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CAMP Seminar: Controlling Thermal Radiation with Photonics: Radiative Sky Cooling & its Limits

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Aaswath Raman - University of Pennsylvania
30 November 2018 from 3:30 PM to 5:00 PM
207 Osmond Laboratory
Contact Name
Mikael Rechtsman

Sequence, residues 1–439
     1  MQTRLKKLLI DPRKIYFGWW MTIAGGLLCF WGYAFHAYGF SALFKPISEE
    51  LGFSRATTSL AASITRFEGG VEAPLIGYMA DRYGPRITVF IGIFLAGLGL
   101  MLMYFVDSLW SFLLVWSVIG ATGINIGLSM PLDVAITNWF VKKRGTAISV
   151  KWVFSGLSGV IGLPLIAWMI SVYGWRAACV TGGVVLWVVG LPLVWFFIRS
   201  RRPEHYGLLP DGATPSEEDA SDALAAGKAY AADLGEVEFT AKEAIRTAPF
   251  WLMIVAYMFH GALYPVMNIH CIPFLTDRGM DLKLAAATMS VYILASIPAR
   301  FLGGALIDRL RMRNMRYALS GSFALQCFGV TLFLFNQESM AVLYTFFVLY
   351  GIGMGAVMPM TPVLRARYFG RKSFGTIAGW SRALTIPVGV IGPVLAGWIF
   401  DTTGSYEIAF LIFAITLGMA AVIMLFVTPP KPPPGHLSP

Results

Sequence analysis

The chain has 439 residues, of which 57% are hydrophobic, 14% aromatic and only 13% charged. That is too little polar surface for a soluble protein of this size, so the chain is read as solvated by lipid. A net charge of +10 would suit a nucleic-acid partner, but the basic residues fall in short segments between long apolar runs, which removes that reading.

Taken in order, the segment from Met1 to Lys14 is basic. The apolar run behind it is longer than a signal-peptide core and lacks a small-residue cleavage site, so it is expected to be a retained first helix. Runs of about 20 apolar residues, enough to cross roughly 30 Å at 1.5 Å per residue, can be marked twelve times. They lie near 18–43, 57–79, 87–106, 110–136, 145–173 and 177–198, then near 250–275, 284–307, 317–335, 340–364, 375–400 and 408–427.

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Photonic nanostructures can shape the broadband absorption and emission of electromagnetic waves from thermal sources in ways not possible with natural materials. In this talk, we will introduce our body of work on radiative sky cooling, whereby thermal photonic structures have enabled a broad range of new capabilities useful for energy applications by exhibiting tailored spectral and angular selectivity over both solar and long-wave infrared wavelengths. We will first describe the radiative sky cooling mechanism, and then show results from the first demonstrations of this passive cooling effect under solar illumination. Next we will highlight its utilization to maintain solar absorbers at lower temperatures, as well as more recent experimental demonstrations of radiative cooling to improve the thermodynamic efficiency of vapor-compression cycles. Motivated by these applications, we derive the fundamental limits of far-field radiative heat transfer possible between an arbitrary surface and a non-uniform thermal emitter, in particular the sky at infrared wavelengths, revealing conclusively that for all temperatures below the ambient air temperature, the optimal selective emitter will outperform a blackbody. Remarkably, we show that passive radiative cooling of as much as 100 K below ambient can be reached by the optimal selective thermal emitter facing the sky. Our results highlight new opportunities and needs to develop a broad range of spectrally and angular selective thermal emitters at mid-infrared wavelengths, with a view to better harnessing the ubiquitous thermal radiation that surrounds us.